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Wind turbines
Kristi Loobeek
Mon, 06/24/2013 - 3:40pm
You’ve seen those huge, white, and twirling wind turbines on the horizon before, but have you ever wondered how they actually work? Let’s break it down! What is wind energy? Wind energy is electricity created from a wind turbine. (Side note: a common mistake is to call them windmills; however, the proper name is wind turbine. Windmills do spin and resemble wind turbines, but windmills actually pump water from the ground—think Dutch windmills.) How do they actually work? When the wind blows, it turns the blades of the turbine. As these blades turn, they spin generators to create electricity. The electricity is then sent to a transformer which increases the voltage and sends it to a distribution line. Next, local transformers reduce the voltage and send it to homes or businesses. Why are they so tall? Wind turbines are tall due to the fact that wind increases at...
Many new displays slated for State Fair's Home Energy exhibit
MN Dept. of Commerce
Mon, 06/24/2013 - 10:09am
Summer has barely begun, but planning has been underway for months on the Home Energy exhibit at the 2013 Minnesota State Fair. For the second straight year, the Minnesota Department of Commerce, Division of Energy Resources (DER) is sponsoring and coordinating the Home Energy exhibit, with expectations of making it bigger and better than last year. At least 10 new displays are planned to provide a showcase of energy efficiency and renewable energy for Minnesota homeowners. Once again, DER has recruited numerous partners—state agencies, utilities, retailers, neighborhood energy groups, nonprofits, trade organizations, finance agencies, and more—to implement a range of educational displays that demonstrate ways to improve the efficiency, comfort, safety and sustainability of Minnesota homes. The design of this year’s Home Energy exhibit will give visitors a chance to view all sides...
Kristi Loobeek
Mon, 06/24/2013 - 10:07am
Dr. David Schmidt of the University of Minnesota’s College of Food, Agricultural and Natural Resource Sciences is practicing what he preaches. The professor of the popular Renewable Energy and the Environment course has conducted his own study on phantom power in the home. Phantom power (also referred to as standby power, vampire draw, or leaking electricity) is the act of electrical appliances consuming power while switched off or in standby mode. Schmidt ran an in-home experiment with a Kilo-Watt meter and tested items such as laptops and phone chargers. Schmidt began the experiment by plugging only the power cords (chargers) for 4 laptops, 2 cell phones, 2 iPads, a Nook, a Nexus, and an iPod all onto the same power strip. (See above right photo...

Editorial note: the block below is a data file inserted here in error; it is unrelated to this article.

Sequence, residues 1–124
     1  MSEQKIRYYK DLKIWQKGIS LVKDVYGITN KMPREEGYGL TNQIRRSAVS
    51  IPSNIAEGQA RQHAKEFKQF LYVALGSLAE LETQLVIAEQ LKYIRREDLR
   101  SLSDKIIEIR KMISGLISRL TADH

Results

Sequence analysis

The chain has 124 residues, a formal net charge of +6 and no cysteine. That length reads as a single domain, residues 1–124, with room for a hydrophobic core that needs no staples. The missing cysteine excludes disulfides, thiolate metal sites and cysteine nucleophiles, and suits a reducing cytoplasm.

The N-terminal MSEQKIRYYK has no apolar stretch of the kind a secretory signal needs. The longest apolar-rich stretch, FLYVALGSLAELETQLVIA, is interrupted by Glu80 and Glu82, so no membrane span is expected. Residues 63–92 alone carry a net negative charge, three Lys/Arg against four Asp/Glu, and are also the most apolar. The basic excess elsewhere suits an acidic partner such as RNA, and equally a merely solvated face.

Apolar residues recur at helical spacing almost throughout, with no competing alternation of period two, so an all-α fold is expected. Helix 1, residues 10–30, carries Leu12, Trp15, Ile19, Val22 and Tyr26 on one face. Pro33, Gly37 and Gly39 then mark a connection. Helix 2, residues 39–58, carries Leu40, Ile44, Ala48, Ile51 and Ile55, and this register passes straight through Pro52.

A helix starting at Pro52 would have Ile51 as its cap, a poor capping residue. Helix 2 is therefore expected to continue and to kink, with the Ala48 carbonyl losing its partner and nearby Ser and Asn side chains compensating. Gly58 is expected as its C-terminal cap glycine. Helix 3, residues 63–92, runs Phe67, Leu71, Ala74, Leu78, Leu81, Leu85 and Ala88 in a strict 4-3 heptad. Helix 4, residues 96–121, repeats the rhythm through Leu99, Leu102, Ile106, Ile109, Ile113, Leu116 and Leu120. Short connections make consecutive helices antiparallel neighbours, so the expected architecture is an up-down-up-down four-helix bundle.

New state legislation gives big boost to solar and other clean energy
MN Dept. of Commerce
Mon, 06/24/2013 - 9:54am
The 2013 session of the Minnesota Legislature passed an omnibus energy bill in May intended to significantly increase the generation of solar and other clean energy in Minnesota. From a solar mandate requiring public utilities to generate 1.5 percent of their energy from solar, to incentives for homeowners and businesses to acquire clean energy, the bill sends a clear message that Minnesota wants a faster track to more renewable energy. The bill, House File 729, was passed as part of a large omnibus jobs, economic development, housing, commerce, and energy bill and was signed by Gov. Mark Dayton on May 23. Articles 7-13 cover the energy portions of the bill. Articles 7-13 cover the energy portions of the bill. A few highlights of the bill include: A new solar energy standard that requires four investor-owned electric public utilities (Xcel, Minnesota Power, Otter Tail Power,...
The new biomass boiler building in Franklin, MN
Eliza Leahy
Fri, 06/21/2013 - 2:35pm
Our Renewables section will focus primarily on district heating projects powered by renewable energy sources in the forms of biomass, solar thermal, and wastewater energy. There are four stories that we will be highlighting in three communities, the cities of Brainerd, Ely, and Franklin. The City of Brainerd conducted two major renewable heating projects: a solar thermal air heating system at Brainerd Lakes Regional Airport and a feasibility study and research partnership on the potential for wastewater district heating in the City of Brainerd. The cities of Ely and Franklin investigated biomass district heating. The City of Franklin installed a biomass boiler district heating system which now fully heats three municipal buildings: the city hall, the fire hall, and the city maintenance shop. Meanwhile, Ely conducted a feasibility study on biomass district heating. Not all EECBG-...